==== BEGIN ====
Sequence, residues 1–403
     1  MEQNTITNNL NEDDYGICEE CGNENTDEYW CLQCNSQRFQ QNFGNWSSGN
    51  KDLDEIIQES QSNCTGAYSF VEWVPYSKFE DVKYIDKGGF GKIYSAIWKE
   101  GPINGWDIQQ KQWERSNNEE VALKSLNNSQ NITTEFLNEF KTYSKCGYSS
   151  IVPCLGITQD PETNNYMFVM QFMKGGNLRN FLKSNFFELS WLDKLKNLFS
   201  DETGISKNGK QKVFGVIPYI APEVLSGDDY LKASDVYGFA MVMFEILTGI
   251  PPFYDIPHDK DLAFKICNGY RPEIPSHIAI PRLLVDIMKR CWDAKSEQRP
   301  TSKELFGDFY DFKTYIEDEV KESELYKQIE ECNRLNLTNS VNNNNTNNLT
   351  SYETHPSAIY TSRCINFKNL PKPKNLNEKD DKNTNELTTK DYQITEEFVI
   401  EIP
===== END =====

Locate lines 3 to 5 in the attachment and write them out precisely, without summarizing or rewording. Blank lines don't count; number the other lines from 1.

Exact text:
    51  KDLDEIIQES QSNCTGAYSF VEWVPYSKFE DVKYIDKGGF GKIYSAIWKE
   101  GPINGWDIQQ KQWERSNNEE VALKSLNNSQ NITTEFLNEF KTYSKCGYSS
   151  IVPCLGITQD PETNNYMFVM QFMKGGNLRN FLKSNFFELS WLDKLKNLFS